BEIERSDORF BEAUTY SALES GET A BOOST FROM NIVEA

BERLIN — Beauty sales of the Hamburg-based Beiersdorf Group rose 4.4 percent in 1995 to reach $505.1 million (DM 2.91 billion), compared with DM 2.79 billion in 1994.
The Nivea brand, which contributes over 70 percent of the group’s beauty or Cosmed division sales, broke the DM 2 billion mark in 1995, with Nivea global sales growing by 10 percent in 1995.
In Germany, the Cosmed division also broke the billion-mark milestone.
Domestic sales grew by 10.5 percent to reach $714.3 million (DM 1.05 billion), up from DM 946.7 million in 1994. It was a particularly strong performance, considering that the overall market for body care sales slipped about 1.8 percent in 1995.
In a press conference held here Tuesday, Uwe WUlfer, Beiersdorf board director for the Cosmed division, attributed Beiersdorf’s “overproportional growth” internationally to regional expansion, strengthening of existing business and the successful launch of new products.
In Germany, he cited the successful launch of the Nivea Vital facial skin care line for mature skin, Nivea Soft moisturizing oil-in-water emulsion and Nivea Deo Balsam as the locomotives of domestic growth.
Moreover, older products gained momentum. Nivea Vital, for example, led the facial care segment with a market share of 17 percent, up from 15.6 percent in 1994.
Nivea is also the German market leader in deodorants, sun protection, bath and shower products and aftershaves, he asserted.
Beiersdorf will continue its strategy of growth via new products with two German launches in 1996. The Nivea shampoo range, which Beiersdorf says ranks number two in Germany, will be expanded to include two styling products, with a conditioning hair spray and hair mousse slated for an April launch.
The second biggest newcomer is Nivea Baby, scheduled for June. The 16-product assortment is the only full range on the market containing no preservatives, and while WUlfer would not give first-year sales goals, he said the company aimed to achieve a 15 to 20 percent share in the market after two years.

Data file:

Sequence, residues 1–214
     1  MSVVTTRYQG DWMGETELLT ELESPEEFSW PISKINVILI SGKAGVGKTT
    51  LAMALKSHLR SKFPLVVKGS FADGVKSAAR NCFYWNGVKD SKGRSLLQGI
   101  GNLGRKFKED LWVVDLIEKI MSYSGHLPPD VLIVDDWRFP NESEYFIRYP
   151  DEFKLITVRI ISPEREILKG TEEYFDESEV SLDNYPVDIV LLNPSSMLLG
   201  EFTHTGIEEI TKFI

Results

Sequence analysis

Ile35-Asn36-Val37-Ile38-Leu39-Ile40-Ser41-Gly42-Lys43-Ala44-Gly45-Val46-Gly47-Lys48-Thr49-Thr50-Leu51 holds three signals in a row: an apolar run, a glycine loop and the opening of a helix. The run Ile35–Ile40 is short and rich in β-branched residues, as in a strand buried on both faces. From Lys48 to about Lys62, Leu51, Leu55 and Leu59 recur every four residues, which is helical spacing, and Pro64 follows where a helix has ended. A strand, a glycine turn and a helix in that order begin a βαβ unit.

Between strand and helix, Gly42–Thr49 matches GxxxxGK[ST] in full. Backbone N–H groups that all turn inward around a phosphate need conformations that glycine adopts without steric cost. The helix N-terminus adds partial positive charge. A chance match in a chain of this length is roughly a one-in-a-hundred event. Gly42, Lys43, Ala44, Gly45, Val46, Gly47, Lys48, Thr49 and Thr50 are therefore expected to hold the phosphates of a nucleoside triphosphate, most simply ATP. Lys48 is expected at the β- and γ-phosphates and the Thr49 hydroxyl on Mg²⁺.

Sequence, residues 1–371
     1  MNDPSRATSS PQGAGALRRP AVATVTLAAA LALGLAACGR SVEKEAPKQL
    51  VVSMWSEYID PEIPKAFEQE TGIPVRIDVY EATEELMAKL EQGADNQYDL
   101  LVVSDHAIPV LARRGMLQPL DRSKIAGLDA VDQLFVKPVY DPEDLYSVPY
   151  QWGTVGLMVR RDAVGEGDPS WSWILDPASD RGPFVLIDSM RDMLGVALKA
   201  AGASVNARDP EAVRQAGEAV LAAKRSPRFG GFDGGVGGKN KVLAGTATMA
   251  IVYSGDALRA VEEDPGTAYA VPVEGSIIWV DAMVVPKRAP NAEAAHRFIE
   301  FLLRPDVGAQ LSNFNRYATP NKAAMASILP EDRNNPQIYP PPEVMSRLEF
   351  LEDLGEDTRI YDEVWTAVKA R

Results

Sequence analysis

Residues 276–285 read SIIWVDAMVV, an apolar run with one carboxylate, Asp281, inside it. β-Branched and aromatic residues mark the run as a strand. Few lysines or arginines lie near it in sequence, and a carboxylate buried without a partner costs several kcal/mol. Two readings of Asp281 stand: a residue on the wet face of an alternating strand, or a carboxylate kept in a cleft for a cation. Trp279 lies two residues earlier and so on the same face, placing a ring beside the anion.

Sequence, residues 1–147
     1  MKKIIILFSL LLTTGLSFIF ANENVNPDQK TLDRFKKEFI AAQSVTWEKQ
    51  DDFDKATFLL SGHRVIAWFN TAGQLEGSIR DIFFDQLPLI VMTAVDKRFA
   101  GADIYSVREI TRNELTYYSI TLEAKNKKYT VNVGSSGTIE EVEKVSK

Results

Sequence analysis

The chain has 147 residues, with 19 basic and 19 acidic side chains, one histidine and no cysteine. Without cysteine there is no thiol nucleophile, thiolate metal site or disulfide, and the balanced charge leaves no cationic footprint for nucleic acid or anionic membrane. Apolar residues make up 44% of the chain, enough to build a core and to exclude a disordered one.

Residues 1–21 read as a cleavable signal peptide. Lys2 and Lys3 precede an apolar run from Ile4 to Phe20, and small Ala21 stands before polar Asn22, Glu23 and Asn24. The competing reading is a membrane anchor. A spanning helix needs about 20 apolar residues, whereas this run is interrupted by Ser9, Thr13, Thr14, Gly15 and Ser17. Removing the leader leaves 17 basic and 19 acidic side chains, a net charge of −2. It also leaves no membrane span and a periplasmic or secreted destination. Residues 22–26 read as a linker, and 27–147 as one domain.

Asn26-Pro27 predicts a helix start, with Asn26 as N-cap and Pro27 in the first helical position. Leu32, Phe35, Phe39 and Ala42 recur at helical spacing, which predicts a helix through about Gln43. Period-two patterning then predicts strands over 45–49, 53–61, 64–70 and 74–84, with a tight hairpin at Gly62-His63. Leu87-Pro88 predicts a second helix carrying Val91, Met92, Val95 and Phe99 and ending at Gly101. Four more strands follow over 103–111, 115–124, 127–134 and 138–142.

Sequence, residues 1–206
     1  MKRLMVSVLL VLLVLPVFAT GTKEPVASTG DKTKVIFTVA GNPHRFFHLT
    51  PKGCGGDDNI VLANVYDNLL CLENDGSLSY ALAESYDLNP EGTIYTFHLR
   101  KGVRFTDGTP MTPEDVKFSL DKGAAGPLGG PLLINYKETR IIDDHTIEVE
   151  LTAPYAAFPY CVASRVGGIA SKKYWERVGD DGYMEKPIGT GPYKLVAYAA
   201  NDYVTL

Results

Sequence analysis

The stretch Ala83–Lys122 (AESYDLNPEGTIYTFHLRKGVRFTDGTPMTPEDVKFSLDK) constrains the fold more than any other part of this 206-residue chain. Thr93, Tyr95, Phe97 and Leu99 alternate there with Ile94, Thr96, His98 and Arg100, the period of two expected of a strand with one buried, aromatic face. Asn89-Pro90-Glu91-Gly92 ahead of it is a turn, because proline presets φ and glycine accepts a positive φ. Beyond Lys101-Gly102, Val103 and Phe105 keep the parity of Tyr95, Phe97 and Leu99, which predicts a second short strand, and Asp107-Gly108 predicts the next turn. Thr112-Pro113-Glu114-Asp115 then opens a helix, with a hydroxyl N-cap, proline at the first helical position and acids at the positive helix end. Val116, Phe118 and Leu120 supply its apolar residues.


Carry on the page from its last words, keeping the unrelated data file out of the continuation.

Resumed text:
The German baby care market has a volume of about $272.1 million (DM 400 million) and is currently dominated by Johnson & Johnson’s Penaten line.
Due to exchange-rate fluctuations, the 1995 sales figures in German deutsche marks do “reflect the actual development of the division,” WUlfer said. The year’s sales volume in local currencies, or constant money, averaged about 6 percent, but conversion into deutschemarks reduced international growth to 1.3 percent, he said.
International sales amounted to $1.3 billion (DM 1.86 billion), compared with DM 1.84 billion in 1994.
In key international markets, sales volume in the U.S. and Canada increased by 15 percent in U.S. dollars, but in DM terms reached $105.03 million (DM 154.4 million,), maintaining 1994 levels.
In Europe, Beiersdorf generally outperformed the industry in general, WUlfer claimed, with double-digit growth achieved in Great Britain, Scandinavia, Austria, Greece, the Czech Republic and Turkey. European sales — excluding Germany — hit $809.5 million (DM 1.19 billion) versus 1.14 billion in 1994.
In Japan, where Beiersdorf holds a 60 percent stake in Nivea Kao, volume was down by 6.4 percent in local currency and 10 percent in terms of deutschemarks.
WUlfer attributed this weaker performance to general economic conditions in Japan and the discontinuation of pricing policies in the Japanese market.
In China, on the other hand, the group’s one-year-old joint venture with Daily Chemical Factory No. 2 in Shanghai closed its first year of trading with a profit, meeting its forecast volume of $5.03 million (DM 7.4 million).
The Cosmed division includes the prestige brands Juvena-La Prairie of Zurich, which managed a 2.4 percent sales increase in 1995 — $149.6 million (DM 220 million) — in spite of a general downturn in the higher-priced sector.
Overall, facial skin care products scored the biggest growth in the Cosmed division, with a 17.3 percent gain, followed by men’s skin care, up 7.3 percent; treatment, up 6 percent; sun protection, up 4.6 percent, and deodorants, which moved ahead by 2.1 percent.
Total 1995 sales for Beiersdorf AG will first be made public in May, but WUlfer said the group’s volume was up 5.3 percent, with the Cosmed division contributing 45 percent of sales. For 1996, Beiersdorf is predicting a slight upturn in global market conditions and forecasts a 5 to 6 percent increase in worldwide Cosmed sales.
As for the U.S., WUlfer said, “The basic Cosmed strategy [in the U.S.] is growth based on our own strength, with the primary focus on Nivea products.”
That doesn’t rule out acquisitions, he acknowledged, “but there aren’t that many interesting candidates out there. We are interested in the quality of sales and not merely the volume of sales,” he stated.

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